You’ve heard of a rock star, but what would you call an individual who transcends the stars? Is there a name for the individual whose enlightened way of thinking elevates them to a whole higher plane than the average and mundane? Rising above the status of normal musicians, Curtis Casey (Vocals), Bruce Weitz (Drums), Armin Peterson (Guitar), of the band Vayden are more like rock philosophers expressing their theories about life through the artistic medium of music. Curtis says, “We don’t view ourselves as a rock band; first and foremost, we are artists.”
Lead singer, Curtis Casey, admits, “Between my Irish background and my Polynesian background, there’s probably very little chance that I couldn’t sing.” Music and singing has been a huge part of Curtis’ life. He recalls that even from a young age, when his family would go Christmas caroling, he would always want to rearrange the carols adding different harmonies and medleys. While he grew up listening to his mom’s R&B, Motown, and Funk music and his dad’s “elevator music”, and despite the fact that Rock and Roll was forbidden in his house, Curtis dreamed of becoming a rock star. At around 18, Curtis knew that if he didn’t pursue music he would never truly be happy.
Curtis said, “As I grew up, as a vocalist, I realized I needed to hone in on what my voice was.” In order to do that, Curtis explained that two important factors contribute to finding one’s voice: references and roots. Curtis picked artists like Maxwell, Babyface, Kurt Cobain, and Freddie Mercury as reference points and tried to emulate them and was curious to know what it would sound like to combine all of them. But according to Curtis, roots are even more crucial than reference points.
“What was most important to me was keeping that Polynesian strength of the voice. Knowing how to sing is very important in the culture, which is why most Polynesians can sing three part harmonies without any problem. That’s how our ‘whakapapa,’ our genealogy, is passed down – through song. Musically, my Samoan and Maori sides have influenced me with the strength of a voice and what I really learned from the Polynesian culture is harmony. Learning how to sing with people and how to coexist! [Polynesian culture] is very much focused on those tones of harmony.”
Likewise, Drummer, Bruce Weitz said, “I never really had a choice. [Music] has always been something I knew I was going to do . . . It was really never an option to not play music.” Bruce also grew up in a family of musicians. His father and grandfather were both musicians and his passion for music almost seems to run through his veins. When Bruce decided to seriously pursue a career in music, his father told him, “If you’re going to do it, make sure you’re going to be the best you can be and have a good experience.” Bruce says, “I took that to heart and have been pluggin’ away and he was right! The better you are at it, not just at your instrument but at crafting songs, at playing live, at knowing your fans and people, and having that kind of interaction, is the best thing you can do. It’s all about the experience.”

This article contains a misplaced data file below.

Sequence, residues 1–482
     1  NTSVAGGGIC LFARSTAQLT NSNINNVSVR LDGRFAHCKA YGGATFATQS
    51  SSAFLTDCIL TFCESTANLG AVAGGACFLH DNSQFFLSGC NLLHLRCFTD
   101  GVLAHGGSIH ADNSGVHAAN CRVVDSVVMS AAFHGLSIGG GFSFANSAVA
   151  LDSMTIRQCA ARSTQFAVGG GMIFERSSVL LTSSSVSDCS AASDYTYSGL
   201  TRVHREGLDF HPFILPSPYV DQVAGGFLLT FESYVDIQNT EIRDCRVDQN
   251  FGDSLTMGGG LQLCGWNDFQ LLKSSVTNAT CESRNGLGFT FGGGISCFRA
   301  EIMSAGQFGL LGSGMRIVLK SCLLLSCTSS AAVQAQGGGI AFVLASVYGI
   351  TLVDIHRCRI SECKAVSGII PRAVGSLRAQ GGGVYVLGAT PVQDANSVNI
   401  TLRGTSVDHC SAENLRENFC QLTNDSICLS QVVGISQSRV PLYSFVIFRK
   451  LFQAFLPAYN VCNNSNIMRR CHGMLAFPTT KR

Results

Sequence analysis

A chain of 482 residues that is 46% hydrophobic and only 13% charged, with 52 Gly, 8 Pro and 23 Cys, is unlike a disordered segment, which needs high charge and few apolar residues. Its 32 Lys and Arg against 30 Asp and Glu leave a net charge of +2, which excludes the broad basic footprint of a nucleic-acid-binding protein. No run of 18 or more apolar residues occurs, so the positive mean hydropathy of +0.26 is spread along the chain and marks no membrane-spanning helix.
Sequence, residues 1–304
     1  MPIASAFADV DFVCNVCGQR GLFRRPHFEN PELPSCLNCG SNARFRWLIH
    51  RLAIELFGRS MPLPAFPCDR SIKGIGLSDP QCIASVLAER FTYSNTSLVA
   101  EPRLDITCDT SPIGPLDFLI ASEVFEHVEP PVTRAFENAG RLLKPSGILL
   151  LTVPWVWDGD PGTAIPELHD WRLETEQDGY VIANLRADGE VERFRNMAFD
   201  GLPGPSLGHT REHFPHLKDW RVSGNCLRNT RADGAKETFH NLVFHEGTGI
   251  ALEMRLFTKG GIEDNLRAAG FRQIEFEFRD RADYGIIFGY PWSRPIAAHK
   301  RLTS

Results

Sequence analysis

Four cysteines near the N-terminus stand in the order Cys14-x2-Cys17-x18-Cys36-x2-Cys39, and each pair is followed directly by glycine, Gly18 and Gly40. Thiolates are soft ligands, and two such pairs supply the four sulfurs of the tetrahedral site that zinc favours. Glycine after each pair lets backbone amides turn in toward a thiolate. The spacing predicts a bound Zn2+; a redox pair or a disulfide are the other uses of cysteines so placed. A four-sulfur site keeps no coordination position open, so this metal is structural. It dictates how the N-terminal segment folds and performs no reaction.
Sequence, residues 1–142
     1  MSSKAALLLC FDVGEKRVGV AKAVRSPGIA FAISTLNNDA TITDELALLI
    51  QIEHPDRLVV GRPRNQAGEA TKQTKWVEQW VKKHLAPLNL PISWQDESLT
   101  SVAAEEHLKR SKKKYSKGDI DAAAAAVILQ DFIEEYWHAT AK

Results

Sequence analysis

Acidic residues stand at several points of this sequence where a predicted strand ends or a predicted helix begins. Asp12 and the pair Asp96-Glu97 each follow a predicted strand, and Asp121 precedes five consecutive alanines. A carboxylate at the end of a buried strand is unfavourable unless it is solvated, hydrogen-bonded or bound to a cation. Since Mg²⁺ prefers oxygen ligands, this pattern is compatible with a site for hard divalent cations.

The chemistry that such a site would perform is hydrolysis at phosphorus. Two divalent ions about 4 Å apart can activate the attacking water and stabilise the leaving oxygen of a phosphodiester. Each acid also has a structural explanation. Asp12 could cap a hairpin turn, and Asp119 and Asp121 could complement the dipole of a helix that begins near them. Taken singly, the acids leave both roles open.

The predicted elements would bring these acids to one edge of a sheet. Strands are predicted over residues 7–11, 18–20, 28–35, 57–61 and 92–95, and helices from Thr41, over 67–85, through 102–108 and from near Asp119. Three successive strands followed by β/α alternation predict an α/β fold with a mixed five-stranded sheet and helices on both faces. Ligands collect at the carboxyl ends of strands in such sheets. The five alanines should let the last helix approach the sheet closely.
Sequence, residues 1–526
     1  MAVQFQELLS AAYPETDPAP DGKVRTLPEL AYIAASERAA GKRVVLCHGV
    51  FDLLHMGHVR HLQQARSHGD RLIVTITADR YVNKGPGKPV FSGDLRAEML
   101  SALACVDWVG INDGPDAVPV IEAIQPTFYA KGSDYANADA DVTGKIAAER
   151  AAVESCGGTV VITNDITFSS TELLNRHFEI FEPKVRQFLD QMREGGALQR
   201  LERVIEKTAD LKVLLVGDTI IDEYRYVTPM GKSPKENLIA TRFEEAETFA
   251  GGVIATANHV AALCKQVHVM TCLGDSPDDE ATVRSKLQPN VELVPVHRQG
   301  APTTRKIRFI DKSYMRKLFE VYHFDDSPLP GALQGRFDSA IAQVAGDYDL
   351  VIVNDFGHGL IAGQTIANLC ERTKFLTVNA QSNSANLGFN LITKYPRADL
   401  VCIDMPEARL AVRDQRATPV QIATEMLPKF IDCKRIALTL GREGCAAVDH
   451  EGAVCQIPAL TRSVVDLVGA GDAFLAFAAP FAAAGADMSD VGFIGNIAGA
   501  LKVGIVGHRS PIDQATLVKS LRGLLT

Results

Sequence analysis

As founding members of the band, Curtis and Bruce have been together for about eight years and, throughout that time, have had a myriad of experiences that have both affected their band and their music. Starting out in Arizona under the name, “Simplfy,” Curtis says they were relatively content at being “weekend warriors” in the local bars until tragedy struck leading to inspiration – Bruce’s son, Vayden, passed away in a car accident. Curtis says, “It was an event that made us realize that music was ALL we wanted to do…it just flipped our switch! No more day jobs! Whatever it takes is what it’s going to take for us to make sure that all we’re doing is making music.” They decided to change the band name to Vayden in memorial to Bruce’s son. Bruce says, “We just all felt like that was the right way to go.” Not long after, Vayden put out their first album, “Children of our Mistakes.” Over time, band members have changed. Armin Peterson joined the band about four years ago and, most recently, and the bass position is ever changing, but the boys of Vayden have become a brotherhood of philosophers.
Vayden has been on national tours with bands Tantric, Drowning Pool, and Candlebox, and for the past three years have headlined at Dithmarscher Rock Festival in Germany. While their sound is entertaining and unique, Curtis says, “It’s not just about having a sound, it’s about moving people. Music and Art is meant to evoke emotion not impart information….Our whole thing is to make sure that we are advancing the conscious collective, and how that happens is through art, music, cinema, or whatever way you want to do it and [most recently] that has been our motto.”
What’s next for Vayden? Curtis says, “We are definitely working on dropping another album,” but fans can first look forward to their new song “Hansel and Grettle” dropping on Vayden’s website. Curtis says, “What we’ve found out recently is that the record industry is dead, but the music industry is very much alive and there are plenty of outlets to create and distribute music. “We live and we work and we write at the speed of inspiration. So we’re always trying to stay in the flow of being inspired.” And since they work at the speed of inspiration, you can definitely count on Vayden to continue to consistently drop new art!
Armin says, “I’ve been lost in a paradox of thought for a long time as to what is important and what is real and what is not real. I’ve kind of decided that nothing is real, not even music is real, and that’s the ultimate truth, but you still have to live by the conventional truths of the world in which we live and if I have to live by the world’s rules, I might as well make music!” And that’s WHATITDO!
Article Written By: G_Writer
*Photos and YouTube video courtesy of Vayden